Older skin, with bands of the platysma muscle showing through, is less compliant and is best treated with a neck lift procedure. This surgery includes fat equilibration, neck muscle tightening and soft tissue repositioning and stabilization around the ears.

Facial rejuvenation is not painful, although swelling and bruising will occur. After the dust settles, results can be natural and youthful in appearance with long-lasting results that will boost your confidence beyond any wardrobe or hair makeover.

Look as good as you feel in 2016. Happy New Year!

Collagen Induction Therapy

Your skin has a challenging job. From environmental factors to hormonal changes, it bears and reflects the brunt of life’s shifts. Thankfully, your skin has two support systems – collagen and elastin. Skin loses its natural elasticity as we age, but we can turn to other sources of support like injectables. We mentioned in a previous blog that Botox is an option. Another skin rejuvenation method has also created some recent buzz.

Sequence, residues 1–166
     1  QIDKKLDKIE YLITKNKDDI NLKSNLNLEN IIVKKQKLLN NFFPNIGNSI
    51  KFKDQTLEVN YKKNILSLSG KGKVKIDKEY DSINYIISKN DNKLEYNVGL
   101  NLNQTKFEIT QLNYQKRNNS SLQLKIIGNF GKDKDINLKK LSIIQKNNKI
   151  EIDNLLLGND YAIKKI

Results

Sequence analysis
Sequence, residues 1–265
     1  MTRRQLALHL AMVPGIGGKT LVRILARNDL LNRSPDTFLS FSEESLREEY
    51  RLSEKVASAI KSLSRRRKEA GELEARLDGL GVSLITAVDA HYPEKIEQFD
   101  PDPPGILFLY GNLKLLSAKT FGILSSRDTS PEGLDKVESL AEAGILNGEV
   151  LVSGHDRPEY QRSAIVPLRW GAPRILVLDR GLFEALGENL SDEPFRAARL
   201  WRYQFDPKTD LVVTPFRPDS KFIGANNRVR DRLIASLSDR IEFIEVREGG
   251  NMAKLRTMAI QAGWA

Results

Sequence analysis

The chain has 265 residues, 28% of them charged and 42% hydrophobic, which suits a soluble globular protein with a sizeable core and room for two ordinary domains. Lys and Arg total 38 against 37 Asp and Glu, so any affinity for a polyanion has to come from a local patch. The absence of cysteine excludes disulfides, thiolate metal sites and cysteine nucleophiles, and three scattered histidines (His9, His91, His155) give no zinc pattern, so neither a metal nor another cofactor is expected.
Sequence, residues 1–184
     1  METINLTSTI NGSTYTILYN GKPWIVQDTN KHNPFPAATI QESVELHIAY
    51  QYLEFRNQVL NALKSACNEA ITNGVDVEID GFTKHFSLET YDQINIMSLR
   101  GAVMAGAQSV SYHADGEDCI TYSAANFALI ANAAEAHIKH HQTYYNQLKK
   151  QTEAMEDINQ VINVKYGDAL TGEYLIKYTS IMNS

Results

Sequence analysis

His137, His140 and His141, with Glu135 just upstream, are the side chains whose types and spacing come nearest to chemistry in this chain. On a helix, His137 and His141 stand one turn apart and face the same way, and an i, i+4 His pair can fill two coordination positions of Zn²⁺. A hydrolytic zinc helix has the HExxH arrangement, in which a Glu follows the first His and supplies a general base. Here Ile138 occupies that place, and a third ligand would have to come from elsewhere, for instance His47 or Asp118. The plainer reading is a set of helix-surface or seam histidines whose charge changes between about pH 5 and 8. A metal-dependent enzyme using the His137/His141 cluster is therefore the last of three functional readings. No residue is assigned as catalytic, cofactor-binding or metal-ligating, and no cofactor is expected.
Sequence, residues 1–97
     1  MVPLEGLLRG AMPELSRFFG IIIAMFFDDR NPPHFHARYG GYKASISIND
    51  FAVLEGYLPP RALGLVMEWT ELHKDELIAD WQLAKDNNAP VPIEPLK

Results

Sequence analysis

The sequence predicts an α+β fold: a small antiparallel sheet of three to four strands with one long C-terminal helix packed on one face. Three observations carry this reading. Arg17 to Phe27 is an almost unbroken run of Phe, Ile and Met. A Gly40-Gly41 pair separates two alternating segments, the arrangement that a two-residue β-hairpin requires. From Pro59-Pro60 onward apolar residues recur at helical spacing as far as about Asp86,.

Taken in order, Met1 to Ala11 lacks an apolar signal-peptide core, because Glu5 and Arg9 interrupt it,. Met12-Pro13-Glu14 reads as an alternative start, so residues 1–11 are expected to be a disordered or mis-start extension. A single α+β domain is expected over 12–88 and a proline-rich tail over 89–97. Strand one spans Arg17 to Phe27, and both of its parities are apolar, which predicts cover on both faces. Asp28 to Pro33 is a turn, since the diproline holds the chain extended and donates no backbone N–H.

Collagen induction therapy, also called microneedling, is an effective way to enhance your skin’s look and feel. This minimally invasive procedure uses tiny punctures to induce a collagen and elastin response from your body. This helps with skin texture and firmness and reduces scars, pore size and stretch marks.

We are proud to offer collagen induction therapy at The Lucas Center. Call us today at (865) 218 – 6210 to schedule a consultation. Let us help you put the “bounce” back into your skin!